Microsoft Pushing Patch to Snuff Out Win 7 Pirates

Although Microsoft has gone to further lengths than ever to ensure that as many Windows 7 users as possible are using genuine copies of the software, there always will be those pirates who find ways around the system and illegally profit from the sale of copyright infringing software.

To combat this, Microsoft will soon be rolling out a new update for Windows Activation Technologies which will detect more than 70 known and potentially dangerous activation exploits.

Microsoft detailed the pending update on the Windows Team Blog, and warns that "Searching for, downloading, or installing activation exploits or counterfeit software on the Internet is risky, because sites that advertise these pirated products often contain malware, viruses, and Trojans, which are found bundled with or directly built into the activation exploit or counterfeit software."  

The update will be rolled out next week to users of Windows 7 Home Premium, Professional, Ultimate and Enterprise editions. It will also appear on Windows Update as an Important one at the end of this month.

Microsoft also points out that this update is completely voluntary and users can decline the update when it appears. Of course, if a hack or exploit is found, Windows 7 will alert the user by removing the desktop background and pop up periodic reminders of just how non-genuine it is feeling.

Joe Williams, general manager of Genuine Windows, wrote:

Once installed, the Update protects customers by identifying known activation exploits that may affect their PC experience. If any activation exploits are found, Windows will alert the customer and offer options for resolving the issue – in many cases, with just a few clicks. Machines running genuine Windows 7 software with no activation exploits will see nothing – the update runs quietly in the background protecting your system. If Windows 7 is non-genuine, the notifications built into Windows 7 will inform the customer that Windows is not genuine by displaying informational dialog boxes with options for the customer to either get more information, or acquire genuine Windows. The desktop wallpaper will be switched to a plain desktop (all of the customer’s desktop icons, gadgets, or pinned applications stay in place). Periodic reminders and a persistent desktop watermark act as further alerts to the customer.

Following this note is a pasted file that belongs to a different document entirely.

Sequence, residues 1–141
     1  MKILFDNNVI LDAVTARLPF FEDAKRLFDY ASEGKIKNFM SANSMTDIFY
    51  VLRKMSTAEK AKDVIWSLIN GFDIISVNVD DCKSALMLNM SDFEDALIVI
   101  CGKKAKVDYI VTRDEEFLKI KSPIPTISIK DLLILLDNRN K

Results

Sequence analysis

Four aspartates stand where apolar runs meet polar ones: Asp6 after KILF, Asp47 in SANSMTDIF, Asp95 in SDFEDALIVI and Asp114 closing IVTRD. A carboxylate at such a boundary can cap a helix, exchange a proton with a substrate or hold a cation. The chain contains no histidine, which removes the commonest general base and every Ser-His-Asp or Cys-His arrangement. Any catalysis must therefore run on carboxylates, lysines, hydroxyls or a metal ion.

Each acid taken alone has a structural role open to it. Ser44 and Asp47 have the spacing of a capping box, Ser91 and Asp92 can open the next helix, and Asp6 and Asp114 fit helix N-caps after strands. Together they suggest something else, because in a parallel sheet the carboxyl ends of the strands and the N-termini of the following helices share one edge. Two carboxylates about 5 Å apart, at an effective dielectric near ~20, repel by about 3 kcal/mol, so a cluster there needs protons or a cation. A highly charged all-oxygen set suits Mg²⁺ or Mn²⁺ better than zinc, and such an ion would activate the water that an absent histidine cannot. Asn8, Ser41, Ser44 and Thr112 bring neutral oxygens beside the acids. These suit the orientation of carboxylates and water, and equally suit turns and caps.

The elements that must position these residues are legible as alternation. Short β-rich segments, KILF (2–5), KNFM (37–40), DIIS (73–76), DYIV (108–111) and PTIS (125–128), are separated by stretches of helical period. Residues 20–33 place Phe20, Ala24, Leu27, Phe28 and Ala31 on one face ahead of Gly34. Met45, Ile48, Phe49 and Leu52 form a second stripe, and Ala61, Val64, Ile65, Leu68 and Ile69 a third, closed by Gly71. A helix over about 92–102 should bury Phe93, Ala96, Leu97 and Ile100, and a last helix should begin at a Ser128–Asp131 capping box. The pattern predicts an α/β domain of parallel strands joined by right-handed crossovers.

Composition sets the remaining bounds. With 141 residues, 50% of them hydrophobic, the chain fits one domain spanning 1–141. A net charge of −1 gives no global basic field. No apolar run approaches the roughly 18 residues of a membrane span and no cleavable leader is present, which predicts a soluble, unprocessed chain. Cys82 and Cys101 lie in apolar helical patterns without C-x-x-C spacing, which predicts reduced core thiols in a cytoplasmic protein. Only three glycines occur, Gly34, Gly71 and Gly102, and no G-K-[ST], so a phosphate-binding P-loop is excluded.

It is important to know that the customer will see no reduced functionality in their copy of Windows – a customer’s applications work as expected, and access to personal information is unchanged. The Update will run periodic validations (initially every 90 days). During validation, Windows will download the latest ‘signatures’ that are used to identify new activation exploits – much like an anti-virus service. When tampering, disabling, or missing licensing files are discovered, the WAT Update runs a check and repair weekly to ensure that the licensing files are properly repaired. 

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    Top Comments
  • tat2demon
    Eh, it'll work for a week, then someone will find another crack. The never ending cycle. Sometimes you have to wonder if its worth the trouble of trying to beat the hackers.
    23
  • Other Comments
  • tat2demon
    Eh, it'll work for a week, then someone will find another crack. The never ending cycle. Sometimes you have to wonder if its worth the trouble of trying to beat the hackers.
    23
  • ubernoobie
    I just wish people actually buy windows 7, It's actually worth buying since performance of xp with interface of vista
    5
  • cadder
    Is there a reason that a legitimate user would want to decline the update?
    2